3.3 - Study Objectives
There are two types of study objectives. One has to do with the technology and one has to do with the biology.
The biological samples are often an organism or a cell culture. The most basic biological sample is an independently grown organism or culture. When we take replicates from the sample, they should differ only from the technical effects of being handled and are technical replicates.
Many of you have likely read papers where people did a high throughput gene expression study which was followed up with PCR. They took some of the genes that appeared to differentially express and some that didn't and then did PCR on just a few genes. To me, this seems to focus on inference about the technology. If we have well tested technologies this type of technical replication seems to be a waste of resources unless you found something unusual (and therefore need to verify that the technology is working).
When we are introducing a new technology or new measurement protocol, it is necessary to make some inferences about its reliability. Often this is done in conjunction with an experiment that also targets biological inference. For example, if you want to know whether your RNA-Seq samples are good, then you do might do quantitative PCR on the same samples to see if you get the same results. Since the technology is rapidly evolving, it is not unusual to follow-up some measurements from newer technologies with some type of "gold standard". However, once we are comfortable with our protocols, we can focus on biological inference.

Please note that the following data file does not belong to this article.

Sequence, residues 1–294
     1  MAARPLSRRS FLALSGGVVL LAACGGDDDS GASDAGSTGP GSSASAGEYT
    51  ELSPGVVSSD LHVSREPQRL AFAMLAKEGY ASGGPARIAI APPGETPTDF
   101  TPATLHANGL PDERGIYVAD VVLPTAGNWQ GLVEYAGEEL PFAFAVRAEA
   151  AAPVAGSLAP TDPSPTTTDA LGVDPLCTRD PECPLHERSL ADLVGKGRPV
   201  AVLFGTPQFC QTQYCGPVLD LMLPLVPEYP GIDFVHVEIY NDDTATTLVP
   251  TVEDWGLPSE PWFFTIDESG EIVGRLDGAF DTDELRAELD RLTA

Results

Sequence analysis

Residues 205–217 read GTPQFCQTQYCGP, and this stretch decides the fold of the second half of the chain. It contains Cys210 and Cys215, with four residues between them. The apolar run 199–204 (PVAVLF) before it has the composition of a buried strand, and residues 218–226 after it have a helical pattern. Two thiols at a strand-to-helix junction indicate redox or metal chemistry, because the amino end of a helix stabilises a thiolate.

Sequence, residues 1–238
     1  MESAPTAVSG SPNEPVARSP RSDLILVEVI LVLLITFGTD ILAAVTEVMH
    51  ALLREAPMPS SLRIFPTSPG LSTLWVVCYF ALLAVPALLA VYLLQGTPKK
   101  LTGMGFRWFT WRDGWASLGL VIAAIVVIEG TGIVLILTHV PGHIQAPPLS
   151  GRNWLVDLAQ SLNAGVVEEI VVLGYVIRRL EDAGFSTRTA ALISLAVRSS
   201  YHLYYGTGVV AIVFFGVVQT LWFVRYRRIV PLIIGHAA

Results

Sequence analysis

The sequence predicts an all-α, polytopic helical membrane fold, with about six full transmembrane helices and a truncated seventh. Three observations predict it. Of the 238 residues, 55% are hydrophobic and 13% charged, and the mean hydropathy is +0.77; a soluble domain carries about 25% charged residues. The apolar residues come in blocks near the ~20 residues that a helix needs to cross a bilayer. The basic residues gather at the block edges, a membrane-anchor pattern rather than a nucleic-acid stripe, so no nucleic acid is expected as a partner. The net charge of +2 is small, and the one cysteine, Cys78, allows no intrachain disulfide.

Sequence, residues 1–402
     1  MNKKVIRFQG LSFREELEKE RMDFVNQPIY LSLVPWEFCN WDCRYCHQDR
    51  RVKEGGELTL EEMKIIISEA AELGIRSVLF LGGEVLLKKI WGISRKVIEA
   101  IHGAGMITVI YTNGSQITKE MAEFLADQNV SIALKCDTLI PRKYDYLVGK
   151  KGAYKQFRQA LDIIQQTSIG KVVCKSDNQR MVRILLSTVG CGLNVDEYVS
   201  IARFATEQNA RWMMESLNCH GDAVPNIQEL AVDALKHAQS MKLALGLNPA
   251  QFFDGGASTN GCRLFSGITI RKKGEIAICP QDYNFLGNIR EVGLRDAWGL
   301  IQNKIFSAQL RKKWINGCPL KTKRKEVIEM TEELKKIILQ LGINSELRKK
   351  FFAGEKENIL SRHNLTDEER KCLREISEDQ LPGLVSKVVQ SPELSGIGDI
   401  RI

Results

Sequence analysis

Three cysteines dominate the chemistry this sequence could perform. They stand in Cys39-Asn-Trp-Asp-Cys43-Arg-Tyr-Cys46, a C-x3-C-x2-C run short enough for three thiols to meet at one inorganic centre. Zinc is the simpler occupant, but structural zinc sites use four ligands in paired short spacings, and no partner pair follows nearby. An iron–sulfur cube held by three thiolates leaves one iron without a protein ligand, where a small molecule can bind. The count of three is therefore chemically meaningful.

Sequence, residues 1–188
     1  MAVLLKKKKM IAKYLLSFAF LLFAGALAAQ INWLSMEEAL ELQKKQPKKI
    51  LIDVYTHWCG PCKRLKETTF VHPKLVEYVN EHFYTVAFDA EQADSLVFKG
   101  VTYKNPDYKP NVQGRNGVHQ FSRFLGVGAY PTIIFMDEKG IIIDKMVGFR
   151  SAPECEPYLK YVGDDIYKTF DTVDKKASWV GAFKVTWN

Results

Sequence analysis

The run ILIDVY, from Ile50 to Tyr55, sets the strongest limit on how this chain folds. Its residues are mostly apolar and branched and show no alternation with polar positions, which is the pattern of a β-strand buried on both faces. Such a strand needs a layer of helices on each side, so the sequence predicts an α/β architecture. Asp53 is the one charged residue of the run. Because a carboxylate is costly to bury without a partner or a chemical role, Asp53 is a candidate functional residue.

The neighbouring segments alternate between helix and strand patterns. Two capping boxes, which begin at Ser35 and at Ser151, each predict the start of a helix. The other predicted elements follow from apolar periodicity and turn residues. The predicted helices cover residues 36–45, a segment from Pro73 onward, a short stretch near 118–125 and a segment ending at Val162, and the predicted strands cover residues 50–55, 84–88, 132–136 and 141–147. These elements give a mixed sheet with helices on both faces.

Technical replication and remeasurement of the same biological samples is typically not cost-effective when making biological inferences. If you want to know whether there are differences between normal tissues and tumor tissues you take different tumor samples and different tissue samples not technical replicates, even if the data are noisy. Technical replication reduces measurement error (by averagings) but biological replication reduces the standard error of estimates of parameters of the biological population (which includes both biological variation and measurement error) and is therefore more effective. 
 Krzywinski, Martin, Naomi Altman, and Paul Blainey. "Points of Significance: Nested designs." Nature methods 11.10 (2014): 977-978. https://www.nature.com/articles/nmeth.3137